After dealing with floods, earthquakes and a super-strong yen, Toyota Motor Corp. is following a fourth quarter in which income quadrupled with a similarly optimistic forecast for 2013.
The Japanese car company, which last year relinquished the title of world’s largest automaker to General Motors Co., said it earned 121 billion yen, or $1.52 billion, in the quarter ended March 31. That’s compared with the 25.4-billion yen profit recorded during the same quarter a year earlier.
And to Chief Executive Akio Toyoda, the future looks good too.
The past few years brought an “extremely challenging” business environment, he said, including a devastating tsunami and earthquake to Japan, floods in Thailand that disrupted the supply chain, unfavorable exchange rates and a series of product recalls and quality-control concerns.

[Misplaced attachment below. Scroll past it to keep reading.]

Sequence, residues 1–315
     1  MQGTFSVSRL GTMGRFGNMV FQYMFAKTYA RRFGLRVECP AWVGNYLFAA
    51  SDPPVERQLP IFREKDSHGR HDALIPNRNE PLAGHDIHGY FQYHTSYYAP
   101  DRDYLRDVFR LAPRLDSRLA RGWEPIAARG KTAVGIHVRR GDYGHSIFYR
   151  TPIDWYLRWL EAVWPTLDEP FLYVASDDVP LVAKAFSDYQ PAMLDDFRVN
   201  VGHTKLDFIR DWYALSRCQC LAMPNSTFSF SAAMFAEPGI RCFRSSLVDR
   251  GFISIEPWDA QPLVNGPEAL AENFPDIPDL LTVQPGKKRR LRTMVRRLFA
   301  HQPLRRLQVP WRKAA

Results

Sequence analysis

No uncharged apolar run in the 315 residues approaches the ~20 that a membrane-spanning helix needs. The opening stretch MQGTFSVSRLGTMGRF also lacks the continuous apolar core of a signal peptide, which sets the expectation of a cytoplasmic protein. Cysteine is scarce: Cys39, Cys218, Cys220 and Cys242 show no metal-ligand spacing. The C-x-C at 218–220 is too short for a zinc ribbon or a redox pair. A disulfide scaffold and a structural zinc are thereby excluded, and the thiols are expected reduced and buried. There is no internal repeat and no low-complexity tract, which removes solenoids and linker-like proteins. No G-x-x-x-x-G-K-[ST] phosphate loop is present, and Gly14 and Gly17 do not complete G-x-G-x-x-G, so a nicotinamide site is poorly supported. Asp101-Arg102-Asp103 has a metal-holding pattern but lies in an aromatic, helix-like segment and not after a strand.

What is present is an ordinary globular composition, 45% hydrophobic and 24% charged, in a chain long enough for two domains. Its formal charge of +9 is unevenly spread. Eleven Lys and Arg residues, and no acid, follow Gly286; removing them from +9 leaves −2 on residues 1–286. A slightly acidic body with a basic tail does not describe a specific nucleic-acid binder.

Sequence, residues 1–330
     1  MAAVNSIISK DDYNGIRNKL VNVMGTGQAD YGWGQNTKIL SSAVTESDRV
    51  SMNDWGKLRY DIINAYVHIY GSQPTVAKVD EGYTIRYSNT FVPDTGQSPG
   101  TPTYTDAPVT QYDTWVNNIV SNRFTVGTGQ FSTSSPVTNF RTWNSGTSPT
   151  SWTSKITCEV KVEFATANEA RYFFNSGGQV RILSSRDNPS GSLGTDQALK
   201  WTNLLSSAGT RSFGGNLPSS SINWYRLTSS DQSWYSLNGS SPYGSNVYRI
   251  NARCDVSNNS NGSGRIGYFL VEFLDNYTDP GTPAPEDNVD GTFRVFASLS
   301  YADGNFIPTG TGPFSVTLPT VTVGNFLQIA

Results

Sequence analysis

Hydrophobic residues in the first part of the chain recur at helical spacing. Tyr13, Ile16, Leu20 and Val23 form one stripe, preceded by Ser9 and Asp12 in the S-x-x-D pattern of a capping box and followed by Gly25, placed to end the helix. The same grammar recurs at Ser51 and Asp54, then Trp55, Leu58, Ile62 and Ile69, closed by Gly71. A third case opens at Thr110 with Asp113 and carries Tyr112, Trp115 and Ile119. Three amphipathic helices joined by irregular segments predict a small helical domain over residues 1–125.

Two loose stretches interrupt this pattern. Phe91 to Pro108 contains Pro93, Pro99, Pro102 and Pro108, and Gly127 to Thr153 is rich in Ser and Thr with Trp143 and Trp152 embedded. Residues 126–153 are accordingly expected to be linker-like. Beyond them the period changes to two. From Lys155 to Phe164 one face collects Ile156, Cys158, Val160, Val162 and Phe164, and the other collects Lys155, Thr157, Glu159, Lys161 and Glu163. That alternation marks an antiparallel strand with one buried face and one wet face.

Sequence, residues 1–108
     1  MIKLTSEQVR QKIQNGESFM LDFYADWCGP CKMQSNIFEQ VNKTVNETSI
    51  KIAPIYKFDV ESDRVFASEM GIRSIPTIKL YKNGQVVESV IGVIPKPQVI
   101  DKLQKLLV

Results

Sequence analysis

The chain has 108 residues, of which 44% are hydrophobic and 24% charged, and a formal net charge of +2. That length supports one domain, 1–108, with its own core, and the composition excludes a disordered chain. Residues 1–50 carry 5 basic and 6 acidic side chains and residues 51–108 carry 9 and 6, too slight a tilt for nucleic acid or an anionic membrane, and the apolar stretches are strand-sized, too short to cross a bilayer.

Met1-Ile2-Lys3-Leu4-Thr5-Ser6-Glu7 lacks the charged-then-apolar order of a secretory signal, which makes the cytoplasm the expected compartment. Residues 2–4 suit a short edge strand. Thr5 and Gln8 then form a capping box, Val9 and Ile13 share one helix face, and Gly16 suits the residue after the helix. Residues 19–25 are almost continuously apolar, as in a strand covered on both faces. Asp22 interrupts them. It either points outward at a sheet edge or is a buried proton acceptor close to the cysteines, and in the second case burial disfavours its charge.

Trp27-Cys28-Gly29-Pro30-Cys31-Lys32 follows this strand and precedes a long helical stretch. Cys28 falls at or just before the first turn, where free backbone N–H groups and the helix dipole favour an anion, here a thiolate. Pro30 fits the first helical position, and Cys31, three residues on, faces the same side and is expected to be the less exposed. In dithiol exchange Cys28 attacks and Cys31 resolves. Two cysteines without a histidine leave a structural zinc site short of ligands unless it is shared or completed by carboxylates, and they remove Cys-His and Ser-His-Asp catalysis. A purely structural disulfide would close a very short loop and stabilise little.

As a result, income during the last fiscal year slumped 30.5% to 283.6 billion yen, or $3.6 billion.
But for the current fiscal year, Toyota is predicting that its profit will more than double to 760 billion yen, or $9.5 billion. The Camry and Prius maker, which has boosted its post-earthquake production levels, expects revenue to soar 18.4% to 22 trillion yen after slumping 2.2% this past year to 18.6 trillion yen.